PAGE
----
Major tech companies have been luring the healthcare market for some years now by investing in startups, creating new ventures and collaborating with leading research centers to spur innovation. The COVID-19 pandemic hasn’t put a stop to this trend.
On the contrary, as the healthcare industry has had to quickly adapt to the new reality, the digitization of the ecosystem has been boosted consequently. AI, big data, IoT and medical devices represent a branch of choice for tech giants. Let’s get a closer look at the Big Four’s strategy to play a leading role in healthcare innovation.


Healthcare data represent a third of global data

One of the reasons that initially sparked the tech companies’ interest in the healthcare industry is the amount of data generated every year. Indeed, with the deployment of IoT medical devices, not only the volume but also the type of health data is increasing exponentially each year, opening the door to many business opportunities.
It is estimated that the healthcare industry represents one third of the global data, generating over 2,000 exabytes (1 exabyte = 10,002 terabytes) of data in 2020.


The Big Four are leveraging their own business strengths

Each of the Big Four tech companies, namely Google, Apple, Facebook and Amazon – aka GAFA – are capitalizing on their business strengths to lead market innovation.

Google (Alphabet Inc.) disrupted the augmented reality market with Google glass that was used to livestream a surgical procedure for the first time in 2013.
Since then, the tech giant builds upon its business knowledge in machine learning and data to foster innovation. With the recent acquisition of FitBit, Google is definitely stepping further into healthcare.
Google aims to “increase the availability and accuracy of healthcare globally” with a dedicated team of nearly 600, gathered under the name Google Health.

Apple sees potential in reinventing healthcare like the iPhone did to the mobile industry. Leveraging its strength in consumer-facing goods, Apple has positioned the Apple Watch as a fully fledged medical device. Every year, the device is upgraded with new health-related features and the company uses it to build strong partnerships with leading medtech companies. A recent example is the “Mymobility platform” developed with Zimmer Biomet.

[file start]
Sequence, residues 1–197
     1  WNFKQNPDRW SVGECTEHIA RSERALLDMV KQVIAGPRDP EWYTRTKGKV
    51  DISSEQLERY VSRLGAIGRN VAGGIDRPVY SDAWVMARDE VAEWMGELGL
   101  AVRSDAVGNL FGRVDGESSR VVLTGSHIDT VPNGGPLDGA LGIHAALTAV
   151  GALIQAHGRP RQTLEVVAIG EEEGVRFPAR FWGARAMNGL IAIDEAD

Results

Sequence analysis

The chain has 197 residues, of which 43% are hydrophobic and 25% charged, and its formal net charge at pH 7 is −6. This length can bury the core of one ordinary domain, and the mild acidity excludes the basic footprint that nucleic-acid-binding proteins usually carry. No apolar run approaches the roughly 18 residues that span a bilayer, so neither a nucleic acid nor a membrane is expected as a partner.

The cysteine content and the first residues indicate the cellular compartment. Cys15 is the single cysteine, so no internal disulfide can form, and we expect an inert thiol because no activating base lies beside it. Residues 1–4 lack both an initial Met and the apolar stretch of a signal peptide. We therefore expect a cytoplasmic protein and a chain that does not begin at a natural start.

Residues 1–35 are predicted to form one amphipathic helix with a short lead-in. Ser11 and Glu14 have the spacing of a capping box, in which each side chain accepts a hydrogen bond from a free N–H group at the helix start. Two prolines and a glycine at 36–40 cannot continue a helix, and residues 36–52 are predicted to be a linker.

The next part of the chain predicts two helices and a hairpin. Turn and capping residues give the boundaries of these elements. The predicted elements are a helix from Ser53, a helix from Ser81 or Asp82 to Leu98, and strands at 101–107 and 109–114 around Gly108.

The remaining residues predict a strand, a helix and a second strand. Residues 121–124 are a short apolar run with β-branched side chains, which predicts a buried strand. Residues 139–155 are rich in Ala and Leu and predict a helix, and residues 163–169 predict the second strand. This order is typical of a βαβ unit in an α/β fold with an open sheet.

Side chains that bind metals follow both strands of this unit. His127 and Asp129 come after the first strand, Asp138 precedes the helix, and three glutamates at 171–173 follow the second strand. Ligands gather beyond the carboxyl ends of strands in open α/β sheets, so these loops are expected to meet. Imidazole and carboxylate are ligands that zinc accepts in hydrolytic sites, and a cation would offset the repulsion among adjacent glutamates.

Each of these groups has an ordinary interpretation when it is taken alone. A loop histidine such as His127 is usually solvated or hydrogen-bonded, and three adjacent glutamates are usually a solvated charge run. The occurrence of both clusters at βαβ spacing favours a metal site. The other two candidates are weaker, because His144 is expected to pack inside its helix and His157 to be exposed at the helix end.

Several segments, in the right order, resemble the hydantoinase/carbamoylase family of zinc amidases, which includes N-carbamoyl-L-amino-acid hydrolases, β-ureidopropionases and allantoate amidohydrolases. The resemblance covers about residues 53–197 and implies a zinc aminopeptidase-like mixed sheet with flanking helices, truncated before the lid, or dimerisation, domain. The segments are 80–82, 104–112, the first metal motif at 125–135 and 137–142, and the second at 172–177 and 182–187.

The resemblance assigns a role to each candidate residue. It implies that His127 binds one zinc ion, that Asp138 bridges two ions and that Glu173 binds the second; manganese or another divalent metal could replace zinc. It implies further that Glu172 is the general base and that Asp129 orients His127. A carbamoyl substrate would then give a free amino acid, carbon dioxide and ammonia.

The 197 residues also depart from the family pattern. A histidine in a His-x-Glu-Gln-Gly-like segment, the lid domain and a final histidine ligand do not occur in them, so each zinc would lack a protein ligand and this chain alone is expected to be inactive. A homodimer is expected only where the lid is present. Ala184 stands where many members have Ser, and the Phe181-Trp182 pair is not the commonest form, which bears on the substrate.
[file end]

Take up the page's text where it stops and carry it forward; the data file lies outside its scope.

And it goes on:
As Apple CEO Tim Cook put it in 2019, improving people’s health would be one of Apple’s “greatest contributions to mankind”.

According to experts, Facebook is pushing more quietly into healthcare. In 2014, Facebook got a foot in the virtual reality door when it acquired the VR headset company Oculus. Though the company’s focus is on gaming, the solution has also been used for the training of future surgeons. Since then, the social networking company has been investing massively in VR and augmented reality, dedicating nearly one fifth of its total global workforce to this field.
The F of GAFA is now planning to launch its own smartwatch next year, jumping into the juicy game of wearable devices, so far dominated by Apple and Google.

Despite Amazon’s fairly recent health ambitions, they haven’t gone unnoticed. Amazon has made an interesting move into improving access to healthcare with the launch of Amazon Care. This service’s purpose is to provide immediate access to high-quality medical care and advice, either through telehealth and virtual care or in-person care. First tested with its own employees, Amazon care will soon be made available to other companies across the U.S. Thanks to its AI capability, the online retailer giant aspires to stand out in healthcare.

It is evidently clear that the big tech companies are now taking the battle to the healthcare arena. This is good news to all market players, experts and candidates. To continue to innovate and get the lion’s share of the market, the top tech companies will seek new partnerships, top-notch employees and bright ideas.